He was bedridden for 4 1/2 weeks and had to wear a traction brace that weighed about 6.5 pounds for his hip.
Franklin coach Joe Madigan was disheartened as Boyle's condition worsened, especially after the initial diagnosis of mononucleosis.
"I knew when he came back from mono he would be fine. I had no doubts about that," Madigan said. "But, as the news got worse and worse, it was just heartbreaking for everybody. But Eric had a good attitude, always positive, always laughing."
"I was just going to take it day by day because I knew it was going to be a long road," Boyle said.
"The doctors at Hopkins said he has an incredible tolerance for pain," said his mom, who watched her son lose 50 pounds.
When Boyle was transferred to Kennedy Krieger, [his therapists} thought he would be there for eight weeks, but Boyle was out in less than three.
"They said, for walking and being functional on one level, I could get out April 10, and if they wanted me to do stairs, it was going to be like May 8, and I was doing stairs by April 3," said Boyle, who was officially released on April 5.
But on April 2, before Franklin's 9-2 win at Catonsville, the attackman surprised his teammates.
"I didn't tell anybody," said Boyle, who left Kennedy Krieger three days before his slated release date to go to the lacrosse game.
Thanks to a therapeutic leave of absence, Boyle wheeled down the track at Catonsville toward his teammates and received an emotional welcome.
"I've coached soccer, basketball and lacrosse for five years and I've never seen a more emotional group — just all kinds of different emotions," Madigan said.
"We were all surprised," Franklin senior midfielder Jarvis Hardy said. "We were happy that he was just out there to support the team and we all started tearing up, too. That kind of boosted our confidence."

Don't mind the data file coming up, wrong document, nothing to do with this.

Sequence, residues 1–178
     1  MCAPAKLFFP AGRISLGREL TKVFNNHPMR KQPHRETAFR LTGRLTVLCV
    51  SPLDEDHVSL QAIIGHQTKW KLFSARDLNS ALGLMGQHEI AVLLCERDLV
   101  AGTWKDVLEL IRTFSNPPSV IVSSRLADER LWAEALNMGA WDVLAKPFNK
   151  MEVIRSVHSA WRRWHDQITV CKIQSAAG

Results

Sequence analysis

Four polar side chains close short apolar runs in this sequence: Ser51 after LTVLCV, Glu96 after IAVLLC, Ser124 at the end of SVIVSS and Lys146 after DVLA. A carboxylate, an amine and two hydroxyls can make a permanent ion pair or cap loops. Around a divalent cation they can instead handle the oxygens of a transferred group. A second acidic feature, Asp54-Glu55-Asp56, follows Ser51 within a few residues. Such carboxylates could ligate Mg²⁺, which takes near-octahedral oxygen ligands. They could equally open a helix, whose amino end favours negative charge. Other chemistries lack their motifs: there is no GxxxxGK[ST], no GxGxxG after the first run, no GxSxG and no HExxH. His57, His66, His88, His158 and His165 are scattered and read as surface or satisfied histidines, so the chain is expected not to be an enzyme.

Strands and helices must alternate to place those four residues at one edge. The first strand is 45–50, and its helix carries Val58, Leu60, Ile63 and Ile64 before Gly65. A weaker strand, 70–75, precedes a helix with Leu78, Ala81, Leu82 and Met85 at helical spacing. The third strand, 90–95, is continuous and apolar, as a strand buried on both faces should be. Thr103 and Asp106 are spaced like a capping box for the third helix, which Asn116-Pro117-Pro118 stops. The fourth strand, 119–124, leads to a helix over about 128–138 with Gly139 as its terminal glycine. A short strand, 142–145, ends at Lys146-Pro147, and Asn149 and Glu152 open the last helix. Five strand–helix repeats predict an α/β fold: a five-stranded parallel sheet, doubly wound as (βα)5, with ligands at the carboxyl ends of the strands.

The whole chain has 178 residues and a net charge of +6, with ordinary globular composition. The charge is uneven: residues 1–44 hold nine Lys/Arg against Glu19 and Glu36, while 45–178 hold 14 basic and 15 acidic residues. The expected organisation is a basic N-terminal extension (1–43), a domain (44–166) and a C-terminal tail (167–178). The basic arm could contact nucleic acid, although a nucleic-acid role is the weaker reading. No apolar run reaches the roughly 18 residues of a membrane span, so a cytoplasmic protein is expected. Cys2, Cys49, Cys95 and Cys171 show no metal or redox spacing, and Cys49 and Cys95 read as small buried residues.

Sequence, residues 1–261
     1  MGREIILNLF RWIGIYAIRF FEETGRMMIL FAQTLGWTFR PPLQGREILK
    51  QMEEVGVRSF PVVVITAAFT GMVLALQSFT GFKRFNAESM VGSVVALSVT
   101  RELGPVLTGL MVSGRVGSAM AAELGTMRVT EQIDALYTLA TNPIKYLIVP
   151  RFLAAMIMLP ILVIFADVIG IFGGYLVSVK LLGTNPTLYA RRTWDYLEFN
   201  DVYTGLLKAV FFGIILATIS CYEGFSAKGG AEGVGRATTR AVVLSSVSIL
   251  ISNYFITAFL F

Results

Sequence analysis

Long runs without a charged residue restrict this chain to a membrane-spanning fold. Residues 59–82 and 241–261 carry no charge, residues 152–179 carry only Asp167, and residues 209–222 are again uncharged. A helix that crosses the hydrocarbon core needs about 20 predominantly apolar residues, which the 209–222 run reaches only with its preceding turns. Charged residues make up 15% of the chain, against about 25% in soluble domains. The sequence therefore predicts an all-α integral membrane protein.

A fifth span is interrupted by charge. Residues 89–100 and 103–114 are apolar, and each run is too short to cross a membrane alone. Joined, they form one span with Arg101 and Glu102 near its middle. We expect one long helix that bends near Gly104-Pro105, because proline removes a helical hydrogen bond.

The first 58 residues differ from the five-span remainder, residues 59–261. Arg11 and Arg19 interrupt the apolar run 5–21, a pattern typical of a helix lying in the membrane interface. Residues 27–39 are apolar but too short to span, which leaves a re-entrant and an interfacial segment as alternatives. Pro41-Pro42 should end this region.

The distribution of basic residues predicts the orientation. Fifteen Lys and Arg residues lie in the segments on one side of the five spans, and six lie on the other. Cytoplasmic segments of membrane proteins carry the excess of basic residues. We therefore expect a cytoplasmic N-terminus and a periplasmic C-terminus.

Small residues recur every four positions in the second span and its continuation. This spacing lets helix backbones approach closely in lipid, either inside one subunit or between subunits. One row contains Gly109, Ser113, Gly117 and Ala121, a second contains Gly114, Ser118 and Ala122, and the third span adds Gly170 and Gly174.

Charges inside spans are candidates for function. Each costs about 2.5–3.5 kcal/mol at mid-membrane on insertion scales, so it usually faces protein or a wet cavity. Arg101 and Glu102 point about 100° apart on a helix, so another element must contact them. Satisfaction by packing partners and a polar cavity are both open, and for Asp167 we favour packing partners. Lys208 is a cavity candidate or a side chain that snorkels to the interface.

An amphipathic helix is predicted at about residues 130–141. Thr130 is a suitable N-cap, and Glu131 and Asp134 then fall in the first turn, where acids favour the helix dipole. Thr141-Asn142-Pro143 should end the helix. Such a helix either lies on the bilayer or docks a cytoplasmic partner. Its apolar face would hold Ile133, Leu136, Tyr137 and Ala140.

Senior goalie Matt Lindenbaum said: "It definitely gave us a big boost, because all season we've been saying we were playing for him, and to have him there with us just gave us even bigger motivation, especially considering the fact we know how bad he really wanted to be out there. It made us really cherish how much we should actually appreciate him being out there."
Junior defender Ross Milner added: "We had no idea he was going to be there. He's a lot of our best friends, and it was awesome seeing him. I got teary-eyed."
"There were a lot of tears that day," said Boyle's mom. "Coaches were crying and parents in the stands were crying."
It was emotional for Boyle, too. When coach Madigan asked him to speak to the team, he was too choked up to do it.
Catonsville coach Aaron Stubbs, who coached Boyle for three years on the Chesapeake Rock summer club team, gave him a warm hug. "He is a great kid, and he is easy to coach," Stubbs said. "He works hard and is a student of the game."